(Artwork care of Karen Ramsay (www.karenramsay.com), profile photo care of brianlackeyphotography.com)

Thursday, October 25, 2012

Recording review - Mumford & Sons, Babel (2012)

Heavy handed dynamics crush the subtlety

Mumford & Sons follow in the strong tradition of Great Britain’s folk rock movement, offering a refreshing perspective that contrasts with today’s shallow pop and corporate rock. Like Fairport Convention, Steeleye Span and The Waterboys before them, they harness traditional rhythms and instrumentation but still reflect their own modern influences.

Babel is a clear outgrowth of the sound from their first album, Sigh No More. The musical arrangements retain the fresh mix of folky banjo and driving pace of earlier tunes like Little Lion Man, but now the band is more polished. The band has honed their sound in the last couple of years of practice and performance. In particular, they’ve amped up the dynamic shifts in their music. Up until now, this has been one of the band’s strengths. The contrast between a soft cry and a strong response can be powerful. Unfortunately, Babel takes this too far and becomes heavy handed.

Marcus Mumford‘s raw, husky voice drops down as he brings a quiet intensity to the calmer moments, but he’s too quick to rise into full oratorio and the music drives this even harder. With the highs so much stronger than the lows, almost every track becomes an anthem and Mumford begins to seem a bit strident. As the band constantly escalates the emotional stakes, it devalues the power of their dynamics.

This can sabotage the impact of a more subtle song like Holland Road. The track sets up a reflective, open tone supporting lyrics that speak of failure:
With your heart like a stone 
You spared no time in lashing out  
And I knew your pain  
And the effect of my shame 
You cut me down
Just as Mumford’s vulnerable tone sinks in, the song is buried under a fierce rhythmic assault. Mumford’s voice and the music both turn defiant. The words still center on the pain, but the rest of the song undermines any sense of loss. The intent may be a message of overcoming adversity, as the song finally asserts, “If you’ll believe in me, I’ll still believe” with a soaring horn accompaniment, but the narrative doesn’t hold together.

Despite lack of subtlety, Babel shows good lyrical depth, often couched in religious imagery. Biblical allusion is more pervasive than just the title song. The words may touch on love or life’s experience, but a spiritual metaphor is always close at hand. So, the failed relationship in Lover’s Eyes fixates on the singer’s sinful failings:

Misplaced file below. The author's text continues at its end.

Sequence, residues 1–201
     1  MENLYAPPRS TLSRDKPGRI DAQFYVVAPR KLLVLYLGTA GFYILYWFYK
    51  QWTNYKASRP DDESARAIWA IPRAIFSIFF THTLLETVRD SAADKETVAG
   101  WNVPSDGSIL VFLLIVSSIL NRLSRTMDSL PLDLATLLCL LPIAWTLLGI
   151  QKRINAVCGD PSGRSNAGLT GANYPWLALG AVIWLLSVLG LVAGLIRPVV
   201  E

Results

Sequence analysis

Should you shake my ash to the wind 
Lord, forget all of my sins 
Or let me die where I lie 
Neath the curse of my lover’s eyes
Similarly, the depression and pain on Ghosts That We Knew leads to a plea for redemption: “Give me hope in the darkness/ That I will see the light.” This religious context seems to reflect today’s evangelical times even if the band isn’t directly pushing that message.

Fortunately, not every song turns so histrionic. The first single, I Will Wait offers a more effective example of Mumford & Son’s dynamic work. It’s stronger in part because it reverses the band’s usual pattern and leads with the uptempo galloping rhythm, relying on the softer moments to add depth. The thick vocal harmonies provide the backbone without over-emoting, adding light touches in the quietest moments: 
Now I’ll be bold as well as strong 
And use my head alongside my heart 
So tame my flesh and fix my eyes 
A tethered mind, freed from the lies

By emphasizing just a couple of those words (“head”, “mind”), they give greater strength to the phrases that follow.

 After all the dynamic swings on Babel, my favorite moment was the relative calm of the bonus track, For Those Below. The beautiful descending guitar intro hints at Dear Prudence by the Beatles while the balanced, close vocal harmonies anchor the song in a folk context. The song still builds, but the scope is more manageable. Where the other songs rely on defiance and will to overcome adversity, For Those Below is more open, suggesting that personal growth can triumph through acceptance. The folky feel recalls Gordon Lightfoot and it’s reassuring to hear that the band can still trust in a simpler sound once in a while.

Speaking of folk idols, it’s telling that Mumford & Sons chose to cover The Boxer, which is perhaps Simon and Garfunkel’s most bombastic song, as another bonus track. Surprisingly, the band toned that down a notch from the original. Adding a banjo line and slide fills, they craft a perfect ornamentation to this classic tune. It’s a nice selection because their version emphasizes the band’s place in the shared folk tradition.

Mumford’s experience drumming for Laura Marling rewarded him for his willingness to step into the light and it could be that theatrical sense which has pushed the band to the relentless extremes they offer on Babel. It’s been a very busy couple of years for Mumford & Sons with the bounty of attention for Sigh No More, working with Ray Davies (Kinks), and playing the Grammys. With luck, the band will have the chance to continue growing and follow Babel with a stronger, more nuanced album.

(This review first appeared in Spectrum Culture

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